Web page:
A. Significant impairments in personality functioning manifest by: (met)
1. Impairments in self functioning (a or b):
a. Identity: Markedly impoverished, poorly developed, or unstable self-image, often associated with excessive self-criticism; chronic feelings of emptiness; dissociative states under stress. Applies
Self-direction: Instability in goals, aspirations, values, or career plans.
2. Impairments in interpersonal functioning (a or b):
a. Empathy: Compromised ability to recognize the feelings and needs of others associated with interpersonal hypersensitivity (i.e., prone to feel slighted or insulted); perceptions of others selectively biased toward negative attributes or vulnerabilities. Applies
b. Intimacy: Intense, unstable, and conflicted close relationships, marked by mistrust, neediness, and anxious preoccupation with real or imagined abandonment; close relationships often viewed in extremes of idealization and devaluation and alternating between over involvement and withdrawal. Applies
B. Pathological personality traits in the following domains: Somewhat met
1. Negative Affectivity, characterized by:
a. Emotional lability:
Unstable emotional experiences and frequent mood changes; emotions that are easily aroused, intense, and/or out of proportion to events and circumstances. Some applies
b. Anxiousness: Intense feelings of nervousness, tenseness, or panic, often in reaction to interpersonal stresses; worry about the negative effects of past unpleasant experiences and future negative possibilities; feeling fearful, apprehensive, or threatened by uncertainty; fears of falling apart or losing control. Applies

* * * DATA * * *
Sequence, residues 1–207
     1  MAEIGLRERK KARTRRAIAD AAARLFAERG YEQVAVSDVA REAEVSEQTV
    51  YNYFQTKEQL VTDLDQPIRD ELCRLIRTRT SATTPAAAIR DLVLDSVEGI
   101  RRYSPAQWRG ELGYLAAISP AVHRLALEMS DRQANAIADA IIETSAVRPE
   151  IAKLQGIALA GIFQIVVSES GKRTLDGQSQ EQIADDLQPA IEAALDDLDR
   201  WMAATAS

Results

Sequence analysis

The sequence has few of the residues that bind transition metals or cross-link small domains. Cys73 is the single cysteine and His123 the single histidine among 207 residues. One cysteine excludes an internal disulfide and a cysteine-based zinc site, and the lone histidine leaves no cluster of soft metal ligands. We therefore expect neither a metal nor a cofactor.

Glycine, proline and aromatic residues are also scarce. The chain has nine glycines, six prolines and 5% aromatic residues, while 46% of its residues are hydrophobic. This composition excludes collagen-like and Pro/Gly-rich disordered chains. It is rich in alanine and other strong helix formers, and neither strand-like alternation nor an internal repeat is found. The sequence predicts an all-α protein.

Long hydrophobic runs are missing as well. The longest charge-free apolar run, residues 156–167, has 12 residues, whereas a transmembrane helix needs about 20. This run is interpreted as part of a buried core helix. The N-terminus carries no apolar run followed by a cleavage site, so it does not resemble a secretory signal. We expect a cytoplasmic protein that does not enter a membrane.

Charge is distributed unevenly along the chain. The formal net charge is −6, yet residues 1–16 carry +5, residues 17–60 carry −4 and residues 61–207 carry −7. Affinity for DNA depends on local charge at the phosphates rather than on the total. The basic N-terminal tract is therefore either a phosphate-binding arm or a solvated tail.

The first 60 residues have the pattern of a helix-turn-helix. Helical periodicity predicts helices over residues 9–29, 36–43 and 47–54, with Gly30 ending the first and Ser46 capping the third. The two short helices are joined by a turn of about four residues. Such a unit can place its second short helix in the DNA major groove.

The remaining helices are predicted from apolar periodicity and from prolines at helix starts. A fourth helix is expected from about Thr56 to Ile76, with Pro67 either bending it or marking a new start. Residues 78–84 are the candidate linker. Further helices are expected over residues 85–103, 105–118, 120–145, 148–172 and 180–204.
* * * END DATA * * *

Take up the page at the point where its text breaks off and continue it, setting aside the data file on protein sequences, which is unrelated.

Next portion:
c. Separation insecurity: Fears of rejection by – and/or separation from – significant others, associated with fears of excessive dependency and complete loss of autonomy. Damn, applies
d. Depressivity: Frequent feelings of being down, miserable, and/or hopeless; difficulty recovering from such moods; pessimism about the future; pervasive shame; feeling of inferior self-worth; thoughts of suicide and suicidal behavior. Applies, situationally (aka atypical depression)
2. Disinhibition, characterized by:
Acting on the spur of the moment in response to immediate stimuli; acting on a momentary basis without a plan or consideration of outcomes; difficulty establishing or following plans; a sense of urgency and self-harming behavior under emotional distress. Some applies
Risk taking: Engagement in dangerous, risky, and potentially self-damaging activities, unnecessarily and without regard to consequences; lack of concern for one’s limitations and denial of the reality of personal danger. Maybe in the past.
3. Antagonism, characterized by: Not met
a. Hostility: Persistent or frequent angry feelings; anger or irritability in response to minor slights and insults.
C. The impairments in personality functioning and the individual’s personality trait expression are
relatively stable across time and consistent across situations. Not met
D. The impairments in personality functioning and the individual’s personality trait expression are not better understood as normative for the individual’s developmental stage or socio-cultural environment. Not met, somewhat.
E. The impairments in personality functioning and the individual’s personality trait expression are not solely due to the direct physiological effects of a substance (e.g., a drug of abuse, medication) or a general medical condition (e.g., severe head trauma).
Complex PTSD is a relatively recent concept. Because of its variable nature, healthcare professionals may instead diagnose another condition. They may be especially likely to diagnose borderline personality disorder (BPD).
Not saying this is for sure a thing, but I thought I’d look into the symptoms I observed as active and similar conditions.